Color Spaces: Explained

Learn about the two different color spaces most used in art and how/when to use them.

Knowing the differences between the color profiles can help you to understand how different printing processes work and how those processes will affect your printed images.


Red. Green. Blue.

Color Type: Additive Color
Used for: Screens

Every color we see on a device has a combination of R, G, and B to trick our eyes into seeing just one color. RGB Colors combine to produce WHITE with additive color processing.

For example, if you wanted to show something yellow, the pixel on your screen shines red and green light together, while leaving the blue one off. Meaning, your values for Red and Green would be at a full 255.

The stronger the light intensity, the brighter the colors appear. When all 3 colors are combined at full intensity (255), they display as white on your screen. At no intensity (value 0), they appear as black on your screen.

Even though RGB is present on all electronic devices, the colors may vary across systems and models as well as brightness, contrast, and gamma settings.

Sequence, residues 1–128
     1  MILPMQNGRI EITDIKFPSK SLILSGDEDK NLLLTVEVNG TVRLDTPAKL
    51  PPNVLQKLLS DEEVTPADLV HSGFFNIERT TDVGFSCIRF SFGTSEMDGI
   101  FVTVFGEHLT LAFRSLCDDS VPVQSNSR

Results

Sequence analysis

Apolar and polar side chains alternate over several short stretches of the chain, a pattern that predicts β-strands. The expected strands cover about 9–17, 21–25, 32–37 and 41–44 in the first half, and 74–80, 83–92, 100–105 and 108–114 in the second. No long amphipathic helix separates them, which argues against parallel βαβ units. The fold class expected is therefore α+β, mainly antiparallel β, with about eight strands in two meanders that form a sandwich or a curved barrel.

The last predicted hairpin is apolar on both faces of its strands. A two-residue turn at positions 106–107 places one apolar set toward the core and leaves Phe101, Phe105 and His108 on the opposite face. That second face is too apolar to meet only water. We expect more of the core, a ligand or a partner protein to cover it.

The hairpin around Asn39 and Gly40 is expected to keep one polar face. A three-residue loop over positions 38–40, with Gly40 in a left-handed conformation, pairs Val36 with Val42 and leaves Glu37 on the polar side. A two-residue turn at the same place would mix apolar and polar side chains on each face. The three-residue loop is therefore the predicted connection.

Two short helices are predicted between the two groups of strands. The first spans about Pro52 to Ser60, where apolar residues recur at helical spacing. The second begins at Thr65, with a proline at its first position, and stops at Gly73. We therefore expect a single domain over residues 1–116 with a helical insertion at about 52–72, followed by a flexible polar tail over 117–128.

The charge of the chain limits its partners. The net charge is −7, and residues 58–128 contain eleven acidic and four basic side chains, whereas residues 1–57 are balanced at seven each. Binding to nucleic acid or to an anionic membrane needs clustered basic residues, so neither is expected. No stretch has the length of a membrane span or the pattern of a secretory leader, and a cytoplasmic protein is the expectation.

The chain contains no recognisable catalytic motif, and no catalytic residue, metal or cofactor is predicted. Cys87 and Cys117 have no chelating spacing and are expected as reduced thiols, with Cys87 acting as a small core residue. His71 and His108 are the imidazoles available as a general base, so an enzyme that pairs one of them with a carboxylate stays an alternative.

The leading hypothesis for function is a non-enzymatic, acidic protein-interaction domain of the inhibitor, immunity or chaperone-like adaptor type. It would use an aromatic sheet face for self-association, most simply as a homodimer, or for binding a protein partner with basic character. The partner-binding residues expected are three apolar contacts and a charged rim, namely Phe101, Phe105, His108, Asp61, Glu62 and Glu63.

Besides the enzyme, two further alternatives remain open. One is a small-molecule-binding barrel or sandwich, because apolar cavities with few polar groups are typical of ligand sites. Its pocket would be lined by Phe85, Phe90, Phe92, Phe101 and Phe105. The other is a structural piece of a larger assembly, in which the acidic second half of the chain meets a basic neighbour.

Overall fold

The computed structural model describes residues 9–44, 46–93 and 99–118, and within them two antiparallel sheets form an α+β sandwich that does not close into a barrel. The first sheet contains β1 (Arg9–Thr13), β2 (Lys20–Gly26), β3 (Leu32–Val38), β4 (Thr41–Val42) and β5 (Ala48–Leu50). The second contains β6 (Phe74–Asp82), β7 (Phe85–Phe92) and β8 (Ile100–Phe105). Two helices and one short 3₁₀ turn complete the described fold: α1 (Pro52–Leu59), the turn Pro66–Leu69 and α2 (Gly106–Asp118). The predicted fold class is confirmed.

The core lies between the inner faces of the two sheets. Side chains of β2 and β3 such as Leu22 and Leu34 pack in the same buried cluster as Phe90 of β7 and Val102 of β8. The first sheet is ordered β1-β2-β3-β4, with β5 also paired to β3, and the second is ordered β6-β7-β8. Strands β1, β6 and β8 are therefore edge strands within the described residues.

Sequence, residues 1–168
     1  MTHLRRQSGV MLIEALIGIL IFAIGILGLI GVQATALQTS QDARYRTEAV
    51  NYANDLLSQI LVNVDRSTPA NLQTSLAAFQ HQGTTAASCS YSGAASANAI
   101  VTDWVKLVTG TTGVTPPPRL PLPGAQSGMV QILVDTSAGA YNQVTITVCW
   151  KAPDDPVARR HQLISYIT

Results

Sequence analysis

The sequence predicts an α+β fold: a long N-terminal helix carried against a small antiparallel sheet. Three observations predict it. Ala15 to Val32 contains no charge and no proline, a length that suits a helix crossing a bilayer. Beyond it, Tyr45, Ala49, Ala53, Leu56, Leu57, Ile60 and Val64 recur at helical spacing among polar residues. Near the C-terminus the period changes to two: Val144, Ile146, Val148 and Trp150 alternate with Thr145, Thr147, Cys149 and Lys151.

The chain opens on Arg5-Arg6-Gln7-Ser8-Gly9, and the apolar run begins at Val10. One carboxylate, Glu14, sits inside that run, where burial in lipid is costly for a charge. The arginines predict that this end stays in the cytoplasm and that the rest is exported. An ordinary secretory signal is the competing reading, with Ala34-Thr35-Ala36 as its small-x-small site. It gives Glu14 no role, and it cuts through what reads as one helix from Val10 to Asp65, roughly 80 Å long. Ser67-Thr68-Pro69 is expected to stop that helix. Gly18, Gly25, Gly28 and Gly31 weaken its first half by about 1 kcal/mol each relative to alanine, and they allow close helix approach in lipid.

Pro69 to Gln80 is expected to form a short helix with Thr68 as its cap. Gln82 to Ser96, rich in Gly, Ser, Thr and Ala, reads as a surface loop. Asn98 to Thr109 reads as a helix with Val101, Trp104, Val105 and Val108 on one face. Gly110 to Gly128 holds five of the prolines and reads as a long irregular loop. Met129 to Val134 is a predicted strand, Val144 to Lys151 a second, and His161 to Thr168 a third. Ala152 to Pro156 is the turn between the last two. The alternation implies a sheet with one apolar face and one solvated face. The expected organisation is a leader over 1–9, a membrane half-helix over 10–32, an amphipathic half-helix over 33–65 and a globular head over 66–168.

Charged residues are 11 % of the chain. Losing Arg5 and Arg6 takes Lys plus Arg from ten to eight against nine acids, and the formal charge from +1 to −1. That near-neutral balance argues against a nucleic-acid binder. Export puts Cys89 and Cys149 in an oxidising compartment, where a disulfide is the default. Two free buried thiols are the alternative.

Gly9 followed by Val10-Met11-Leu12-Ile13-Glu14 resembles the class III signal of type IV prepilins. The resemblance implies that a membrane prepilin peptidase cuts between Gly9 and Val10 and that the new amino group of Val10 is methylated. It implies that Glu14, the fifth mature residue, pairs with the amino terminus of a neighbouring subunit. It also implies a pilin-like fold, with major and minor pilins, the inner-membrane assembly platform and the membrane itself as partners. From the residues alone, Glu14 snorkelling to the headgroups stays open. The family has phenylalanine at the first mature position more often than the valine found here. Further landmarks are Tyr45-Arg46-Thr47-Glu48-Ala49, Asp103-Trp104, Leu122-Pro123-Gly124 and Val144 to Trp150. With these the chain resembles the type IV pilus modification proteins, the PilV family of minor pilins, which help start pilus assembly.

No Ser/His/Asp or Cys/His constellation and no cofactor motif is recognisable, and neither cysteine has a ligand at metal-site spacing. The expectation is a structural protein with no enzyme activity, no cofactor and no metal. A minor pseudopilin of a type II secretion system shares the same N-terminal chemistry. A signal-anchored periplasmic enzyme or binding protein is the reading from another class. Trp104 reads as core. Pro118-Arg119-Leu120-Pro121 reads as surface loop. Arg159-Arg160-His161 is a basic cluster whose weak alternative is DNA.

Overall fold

Cyan. Magenta. Yellow. Key/Black.

Color Type: Subtractive Color
Used for: Printing

This four-color process works for any type of printer and colors seen are limited to what CYMK ink can combine to make.

CMYK Colors combine to produce a BLACK-ish hue with subtractive color processing.

With CMYK, color intensity is not as flexible as in RGB. It’s just impossible to replicate on ink paper or fabric the same intensity and brightness that a digital display can.

This means some RGB colors will show up differently when printed in CMYK. And some colors cannot be printed at all due to the limitation of how C, M, Y, and K mix.

Although all printers print in CMYK, the end result may vary depending on models and substrate. (Like using see-through or different colored materials).

What's the Difference between RGB & CMYK?

The visible spectrum of light that the average human eye can see is comprised of billions of colors.

RGB on screens is capable of showing about 16.7 million.

However, printers can only reproduce a limited color spectrum.

Color Gamut

In Photoshop, specifically, there is a way to know if the color you're using is safe to print.
With a CMYK file open, if you go to View > Gamut Warning (Ctrl+Shift+Y), it will "gray out" the colors in your file to show what colors are not print-safe (out of the color gamut).

If you open the Color Picker and use the same shortcut (Ctrl+Shift+Y), it will "gray out" colors out of the color gamut within the Color Picker to help you choose colors.

How to Convert RGB to CMYK?

In Photoshop, you can change the color mode of the document by going to Edit > Mode > CMYK Color
However, I recommend a different method.

Go to Edit > Convert to Profile
Select CMYK, and use Working CMYK - US Web Coated